Here is the good news: Fullerton’s Planning Commission is not scheduled to make any decisions about the newly revived Downtown Core and Corridors Specific Plan (DCCSP) or the giant mixed-use housing project proposed for the 600 block of West Commonwealth Ave when they meet on the evening of April 27. The bad news is that this two-building project is being proposed in the first place, and that the DCCSP still exists, albeit radically downsized by Community Development Director Karen Haluza and her staff of planners.
Wednesday night’s meeting is instead a study session for both proposals. The four page staff report about this proposed development attached to the agenda explains rather cryptically that, following a preliminary public meeting in September, 2015, “it was acknowledged that this project would be reviewed concurrently with the final design and development components in the revised DCCSP.” The DCCSP itself has undergone quite a change since first approved by the Planning Commission in 2014. Readers will recall that consideration of the massive, and massively inappropriate, plan was halted in its tracks by, among other concerns, revelations shared on this blog that two members of the Fullerton City Council owned property within 500 feet of the plan area. A study session was promised to properly consider the implications of what would have been the largest single Specific Plan in the city’s history. It never happened, and neither did anything public with the DCCSP, but the Community Development planners were evidently hard at work trying to salvage something from it. Two weeks ago, they narrowed it to “three new zoning tools” to “replace the DCCSP” for the Planning Commission. The proposed tools are:
- Mixed-Use Overlay Zone
- Adaptive Re-Use Incentive Zone
- Central Business District
It is the first new tool, Mixed-Use Overlay Zone, that is being considered “concurrently” with a plan by Red Oak Investments to build nearly three hundred living units in two structures on the 600 block of W. Commonwealth Ave. that together would take up most of a city block between Commonwealth on the North and the railroad tracks on the South side. Unfortunately, this tool seems to be more concerned with “appropriate building and frontage type combinations,” quoting the staff report, than it does with the appropriateness of adding so many new housing and retail units to the former car dealership land in the first place.The plan addresses the issue of overly large building frontages by proposing two stories facing Commonwealth stepping up to four stories backing up to the train tracks (what a view!), but the two structures will still represent over 270,000 square feet of mostly residential space with 568 new parking spaces. And therein lies the major problem. Despite prioritizing water main and electrical upgrades to Commonwealth Ave. in recent months in anticipation of projects like this one, there is virtually nothing that can be done to accommodate the additional vehicular traffic that will be added to our already clogged streets once the units are occupied by people with, you know, jobs to get to. Unless flying cars are introduced into the marketplace by the time tenants move in, there will be more traffic not only on Commonwealth, but also on the residential streets immediately to the North, as drivers try to escape rush hour left turn lines at Euclid and Harbor by cutting through adjacent neighborhoods. The Red Oak project is more than six blocks from the train station. Although a bus line does run up and down Commonwealth, do we really think these new residents are all going to take public transportation? Where are the infrastructural upgrades that will facilitate these additional vehicles? Nowhere, that’s where. Anyone driving near this new project would just have to spend even more time stuck in traffic, and nearby residents would have to endure even more cars speeding through their neighborhoods. Oh, and where are we getting all of the water for all of these new residents?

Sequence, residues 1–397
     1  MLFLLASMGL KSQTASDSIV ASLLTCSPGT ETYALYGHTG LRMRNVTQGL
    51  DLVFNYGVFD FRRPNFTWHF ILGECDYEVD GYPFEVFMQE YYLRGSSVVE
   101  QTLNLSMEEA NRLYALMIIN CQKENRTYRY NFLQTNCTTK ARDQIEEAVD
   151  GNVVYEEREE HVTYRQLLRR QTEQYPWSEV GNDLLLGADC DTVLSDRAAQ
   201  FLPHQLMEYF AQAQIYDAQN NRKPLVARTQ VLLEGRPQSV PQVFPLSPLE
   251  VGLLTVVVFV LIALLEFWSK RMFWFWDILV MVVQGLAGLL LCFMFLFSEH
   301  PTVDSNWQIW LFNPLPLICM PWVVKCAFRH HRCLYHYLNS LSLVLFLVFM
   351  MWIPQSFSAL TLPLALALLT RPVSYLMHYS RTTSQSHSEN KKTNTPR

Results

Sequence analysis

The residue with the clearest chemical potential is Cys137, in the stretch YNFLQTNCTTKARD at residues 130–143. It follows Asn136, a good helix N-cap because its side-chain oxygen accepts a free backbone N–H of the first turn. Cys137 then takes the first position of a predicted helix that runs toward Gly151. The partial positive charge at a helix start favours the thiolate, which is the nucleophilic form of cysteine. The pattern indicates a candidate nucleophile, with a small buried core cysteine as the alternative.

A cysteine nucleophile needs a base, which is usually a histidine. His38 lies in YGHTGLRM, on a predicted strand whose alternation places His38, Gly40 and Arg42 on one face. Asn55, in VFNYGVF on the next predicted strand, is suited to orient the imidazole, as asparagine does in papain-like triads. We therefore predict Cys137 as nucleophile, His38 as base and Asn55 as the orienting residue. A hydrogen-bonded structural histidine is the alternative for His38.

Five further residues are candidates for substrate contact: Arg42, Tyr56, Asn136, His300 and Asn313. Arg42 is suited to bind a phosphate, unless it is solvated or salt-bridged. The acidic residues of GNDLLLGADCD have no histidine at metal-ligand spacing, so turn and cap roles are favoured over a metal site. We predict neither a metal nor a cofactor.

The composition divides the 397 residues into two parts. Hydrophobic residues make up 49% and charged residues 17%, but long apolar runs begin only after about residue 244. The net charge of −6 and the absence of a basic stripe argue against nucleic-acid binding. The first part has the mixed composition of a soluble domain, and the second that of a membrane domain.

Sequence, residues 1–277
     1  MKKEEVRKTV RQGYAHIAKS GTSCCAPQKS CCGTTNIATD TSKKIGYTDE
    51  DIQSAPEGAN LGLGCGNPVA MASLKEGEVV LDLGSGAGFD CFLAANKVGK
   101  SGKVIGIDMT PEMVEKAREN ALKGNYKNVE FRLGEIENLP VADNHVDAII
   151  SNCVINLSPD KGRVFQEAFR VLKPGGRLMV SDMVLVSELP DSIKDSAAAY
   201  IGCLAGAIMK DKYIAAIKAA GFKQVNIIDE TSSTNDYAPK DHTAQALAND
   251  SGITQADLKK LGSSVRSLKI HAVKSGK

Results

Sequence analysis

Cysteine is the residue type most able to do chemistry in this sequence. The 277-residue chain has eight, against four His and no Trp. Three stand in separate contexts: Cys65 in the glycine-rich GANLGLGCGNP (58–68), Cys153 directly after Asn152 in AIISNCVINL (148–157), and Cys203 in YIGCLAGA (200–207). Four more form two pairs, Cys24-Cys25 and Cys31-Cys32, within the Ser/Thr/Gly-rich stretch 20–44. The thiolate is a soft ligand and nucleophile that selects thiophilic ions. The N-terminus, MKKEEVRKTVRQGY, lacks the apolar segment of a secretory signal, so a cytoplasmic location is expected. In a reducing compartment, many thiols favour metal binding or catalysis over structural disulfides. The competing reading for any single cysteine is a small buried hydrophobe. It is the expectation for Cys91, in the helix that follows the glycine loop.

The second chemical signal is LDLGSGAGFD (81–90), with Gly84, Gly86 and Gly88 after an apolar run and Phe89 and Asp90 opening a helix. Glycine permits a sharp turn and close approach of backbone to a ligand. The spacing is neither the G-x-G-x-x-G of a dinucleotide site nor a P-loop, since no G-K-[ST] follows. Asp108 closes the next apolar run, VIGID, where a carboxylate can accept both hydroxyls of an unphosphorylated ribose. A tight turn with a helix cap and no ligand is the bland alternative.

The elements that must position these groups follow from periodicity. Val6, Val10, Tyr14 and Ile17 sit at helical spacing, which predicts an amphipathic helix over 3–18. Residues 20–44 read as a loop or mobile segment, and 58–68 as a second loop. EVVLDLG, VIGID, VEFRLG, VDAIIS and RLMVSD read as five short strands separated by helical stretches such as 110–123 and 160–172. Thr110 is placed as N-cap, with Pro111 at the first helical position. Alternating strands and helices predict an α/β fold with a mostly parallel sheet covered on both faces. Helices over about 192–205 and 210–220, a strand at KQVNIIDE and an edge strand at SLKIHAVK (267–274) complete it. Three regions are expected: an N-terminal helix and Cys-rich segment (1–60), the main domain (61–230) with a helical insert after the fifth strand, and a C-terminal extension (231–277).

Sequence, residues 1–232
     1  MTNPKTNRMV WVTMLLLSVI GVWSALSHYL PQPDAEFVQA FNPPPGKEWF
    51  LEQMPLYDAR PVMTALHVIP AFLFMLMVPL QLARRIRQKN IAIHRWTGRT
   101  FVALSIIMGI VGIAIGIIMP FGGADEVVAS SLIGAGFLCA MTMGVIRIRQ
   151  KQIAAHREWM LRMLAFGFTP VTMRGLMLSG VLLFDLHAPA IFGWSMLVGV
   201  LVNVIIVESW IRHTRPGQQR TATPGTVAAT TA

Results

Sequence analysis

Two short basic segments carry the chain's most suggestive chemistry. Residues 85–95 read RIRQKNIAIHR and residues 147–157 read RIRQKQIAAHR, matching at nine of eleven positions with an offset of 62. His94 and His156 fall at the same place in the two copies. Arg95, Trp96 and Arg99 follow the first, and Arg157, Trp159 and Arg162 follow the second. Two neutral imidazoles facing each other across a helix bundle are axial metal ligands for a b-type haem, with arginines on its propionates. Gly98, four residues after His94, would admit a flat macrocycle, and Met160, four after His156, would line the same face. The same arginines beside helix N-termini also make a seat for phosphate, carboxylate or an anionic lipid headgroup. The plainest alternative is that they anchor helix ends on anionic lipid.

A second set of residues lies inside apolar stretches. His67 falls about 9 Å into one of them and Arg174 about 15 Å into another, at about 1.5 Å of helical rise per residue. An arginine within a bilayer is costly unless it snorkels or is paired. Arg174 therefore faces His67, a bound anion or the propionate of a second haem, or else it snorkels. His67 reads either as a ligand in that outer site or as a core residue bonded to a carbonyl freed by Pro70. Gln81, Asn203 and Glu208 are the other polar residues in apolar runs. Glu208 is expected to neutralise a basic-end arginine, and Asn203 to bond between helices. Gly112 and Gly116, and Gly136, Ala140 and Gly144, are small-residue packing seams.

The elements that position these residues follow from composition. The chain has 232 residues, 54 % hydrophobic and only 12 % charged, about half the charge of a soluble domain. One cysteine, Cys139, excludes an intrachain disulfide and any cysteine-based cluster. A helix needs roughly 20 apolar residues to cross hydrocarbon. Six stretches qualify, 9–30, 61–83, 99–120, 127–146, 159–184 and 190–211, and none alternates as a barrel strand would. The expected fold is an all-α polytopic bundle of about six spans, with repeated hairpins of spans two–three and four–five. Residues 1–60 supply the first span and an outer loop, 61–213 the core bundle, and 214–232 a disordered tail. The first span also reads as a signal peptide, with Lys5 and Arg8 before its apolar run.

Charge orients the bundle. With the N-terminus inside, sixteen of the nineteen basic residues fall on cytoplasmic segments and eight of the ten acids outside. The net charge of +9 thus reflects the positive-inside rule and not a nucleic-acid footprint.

The DCCPSP may have been downsized, but its purpose seems to have remained the same—to facilitate more and more multistory high density residential developments in the downtown area and along Fullerton’s major transportation corridors, whether the current residents of the city want them or not.